In my previous post I had talked about the high negative correlation between the VIX and its underlying, the NIFTY. The chart on the right shows the actual movements of the NIFTY compared with the corresponding VIX moves. The period covering Mar’09 to Sep’10 marked a very rapid increase in the market (NIFTY rose from 3000 levels to 5,500). Since the VIX indicates volatility, the period at the start of this phase saw the most rapid increase in the NIFTY (in percentage terms) and that is why the VIX readings were above 40% during this time. The period from Sep’10 till date however have seen the market mostly move in a sideways direction. It started off around 5,500 in Sep’10 and is now at the 5,300 levels. Accordingly, if you look at the VIX, it has also remained mostly flat. Now, the big thought in my mind is this: we hear mostly bullish noises these days. Golden Cross; correction within an overall bullish trajectory etc. So, if the negative correlation were to hold and the NIFTY were to move up from now, it is logical to expect the fear (i.e. VIX) to come down from its current levels (~24%) t0 something like a 15% (?) or so. Since the start of this chart (chosen since that is the date range for which NSE publishes its VIX values) marked the markets coming out of a rather exceptional period in its history (global banking sector meltdown), VIX values > 40% may be really rare to come by again in the near future.  I have nevertheless plotted a dotted red line on the VIX portion of the chart which shows the median level of the VIX range. In the event that the VIX ‘reversion to the mean’ becomes a reality in the months to come then I guess we should brace ourselves for another secular fall in the NIFTY. If you take the economic events near the starting period  of this chart to be exceptional, and ignore the corresponding VIX values as outliers, then the new median will be quite close to where the VIX is today (22% – 24%) in which case there is definitely a case for it to fall down to late teens/earlier twenties. As you can guess I am rooting for a rise in the NIFTY and trying to twist my data interpretation to fit that notion!! 🙂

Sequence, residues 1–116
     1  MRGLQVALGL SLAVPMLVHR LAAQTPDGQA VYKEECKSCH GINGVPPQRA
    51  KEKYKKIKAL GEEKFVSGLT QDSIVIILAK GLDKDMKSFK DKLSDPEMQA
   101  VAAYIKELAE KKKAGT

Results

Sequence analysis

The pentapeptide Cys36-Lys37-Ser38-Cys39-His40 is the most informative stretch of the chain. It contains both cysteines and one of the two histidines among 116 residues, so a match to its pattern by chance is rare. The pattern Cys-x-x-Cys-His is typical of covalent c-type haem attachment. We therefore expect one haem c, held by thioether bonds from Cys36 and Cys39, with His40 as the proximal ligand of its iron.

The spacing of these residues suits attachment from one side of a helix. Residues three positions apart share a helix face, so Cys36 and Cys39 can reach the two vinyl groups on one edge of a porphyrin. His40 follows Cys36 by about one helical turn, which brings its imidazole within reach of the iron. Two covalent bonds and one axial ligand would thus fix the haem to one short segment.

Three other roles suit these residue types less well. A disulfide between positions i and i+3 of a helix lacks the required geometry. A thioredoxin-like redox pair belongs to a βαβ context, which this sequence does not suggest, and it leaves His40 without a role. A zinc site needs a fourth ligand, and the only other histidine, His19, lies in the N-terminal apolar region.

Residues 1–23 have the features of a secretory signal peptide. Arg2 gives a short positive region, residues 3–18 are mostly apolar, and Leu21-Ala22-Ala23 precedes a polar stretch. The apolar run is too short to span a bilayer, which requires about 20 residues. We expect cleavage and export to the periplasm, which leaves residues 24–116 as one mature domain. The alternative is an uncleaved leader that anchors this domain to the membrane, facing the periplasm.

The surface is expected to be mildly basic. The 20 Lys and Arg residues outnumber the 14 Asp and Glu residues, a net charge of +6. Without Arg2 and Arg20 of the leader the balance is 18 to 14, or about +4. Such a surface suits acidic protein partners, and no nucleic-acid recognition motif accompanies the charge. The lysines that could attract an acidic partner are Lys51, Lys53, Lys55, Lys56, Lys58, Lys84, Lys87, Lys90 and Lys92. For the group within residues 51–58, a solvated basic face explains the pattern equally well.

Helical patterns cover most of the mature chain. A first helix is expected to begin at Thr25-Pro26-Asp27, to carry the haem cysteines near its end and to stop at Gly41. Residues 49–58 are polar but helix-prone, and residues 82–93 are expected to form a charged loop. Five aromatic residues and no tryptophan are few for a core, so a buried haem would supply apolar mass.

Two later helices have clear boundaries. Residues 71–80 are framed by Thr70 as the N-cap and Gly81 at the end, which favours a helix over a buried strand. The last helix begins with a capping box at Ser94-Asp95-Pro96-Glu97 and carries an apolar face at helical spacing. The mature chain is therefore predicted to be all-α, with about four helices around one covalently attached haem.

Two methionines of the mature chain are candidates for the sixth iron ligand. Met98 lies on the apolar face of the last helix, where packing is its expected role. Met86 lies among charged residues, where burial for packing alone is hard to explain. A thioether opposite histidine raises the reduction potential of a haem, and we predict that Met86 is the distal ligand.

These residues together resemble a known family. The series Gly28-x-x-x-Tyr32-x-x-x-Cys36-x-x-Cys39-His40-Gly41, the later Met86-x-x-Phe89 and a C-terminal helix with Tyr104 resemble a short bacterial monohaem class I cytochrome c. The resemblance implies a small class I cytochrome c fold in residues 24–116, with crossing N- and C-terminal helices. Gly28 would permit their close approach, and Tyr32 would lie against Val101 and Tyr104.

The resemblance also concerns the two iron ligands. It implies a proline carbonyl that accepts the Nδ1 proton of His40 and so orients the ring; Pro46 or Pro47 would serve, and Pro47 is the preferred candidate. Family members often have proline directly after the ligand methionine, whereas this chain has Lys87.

The correlation factor in the above chart comes in at a high -0.83. Why such a high number? The reason could be because increased volatility (i.e. high VIX) signifies more risk. To keep their portfolios in line with their risk preferences, market participants must deleverage. Since long positions outweight short positions in the market as a whole, deleveraging entails a lot of selling and less buying (since the longs have to be shortened). The relative increase in selling causes downward pressure on stocks. The volume rise in the NIFTY puts really drives the VIX up. The NIFTY VIX is a weighted sum of puts (strikes < forward) and calls (strikes > forward) on the NIFTY. The weights are proportional to 1 / [(strike)^2]. As the NIFTY goes down, all the out of money puts become more valuable and those start having the highest weights (since the weights are the reciprocals of the strikes).